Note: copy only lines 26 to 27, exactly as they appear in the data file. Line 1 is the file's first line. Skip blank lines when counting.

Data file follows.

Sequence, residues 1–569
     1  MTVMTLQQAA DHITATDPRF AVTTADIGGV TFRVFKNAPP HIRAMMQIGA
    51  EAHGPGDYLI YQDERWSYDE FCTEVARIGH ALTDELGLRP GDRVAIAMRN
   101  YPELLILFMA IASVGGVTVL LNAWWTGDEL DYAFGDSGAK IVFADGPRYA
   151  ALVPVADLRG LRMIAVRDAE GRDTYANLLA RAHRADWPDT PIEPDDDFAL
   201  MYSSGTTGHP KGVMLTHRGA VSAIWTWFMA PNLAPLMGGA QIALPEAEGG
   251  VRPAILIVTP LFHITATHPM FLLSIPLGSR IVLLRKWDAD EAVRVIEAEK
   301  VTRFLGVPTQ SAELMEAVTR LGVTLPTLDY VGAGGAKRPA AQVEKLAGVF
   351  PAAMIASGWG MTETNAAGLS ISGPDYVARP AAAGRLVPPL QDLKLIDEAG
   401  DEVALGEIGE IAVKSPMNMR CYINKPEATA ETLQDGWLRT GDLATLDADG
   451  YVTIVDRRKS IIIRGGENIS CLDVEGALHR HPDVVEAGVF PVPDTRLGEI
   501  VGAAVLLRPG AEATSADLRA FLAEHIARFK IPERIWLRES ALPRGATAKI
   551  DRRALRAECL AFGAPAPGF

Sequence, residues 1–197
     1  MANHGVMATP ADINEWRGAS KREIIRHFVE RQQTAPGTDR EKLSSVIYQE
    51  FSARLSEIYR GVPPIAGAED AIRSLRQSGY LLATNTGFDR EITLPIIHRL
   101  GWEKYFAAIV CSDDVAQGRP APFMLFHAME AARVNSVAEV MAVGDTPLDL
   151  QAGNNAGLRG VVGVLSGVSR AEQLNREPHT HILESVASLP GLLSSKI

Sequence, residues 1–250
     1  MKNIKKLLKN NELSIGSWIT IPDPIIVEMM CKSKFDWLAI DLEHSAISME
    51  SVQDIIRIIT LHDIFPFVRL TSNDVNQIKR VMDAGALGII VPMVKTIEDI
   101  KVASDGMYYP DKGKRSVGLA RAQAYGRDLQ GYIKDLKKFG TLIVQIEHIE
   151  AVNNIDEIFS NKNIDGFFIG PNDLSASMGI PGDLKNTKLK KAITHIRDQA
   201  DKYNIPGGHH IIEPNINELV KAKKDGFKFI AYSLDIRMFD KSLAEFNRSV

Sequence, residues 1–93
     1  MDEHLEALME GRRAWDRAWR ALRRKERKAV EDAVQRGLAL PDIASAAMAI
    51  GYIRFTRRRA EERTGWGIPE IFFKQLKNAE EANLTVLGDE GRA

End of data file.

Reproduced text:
     1  MDEHLEALME GRRAWDRAWR ALRRKERKAV EDAVQRGLAL PDIASAAMAI
    51  GYIRFTRRRA EERTGWGIPE IFFKQLKNAE EANLTVLGDE GRA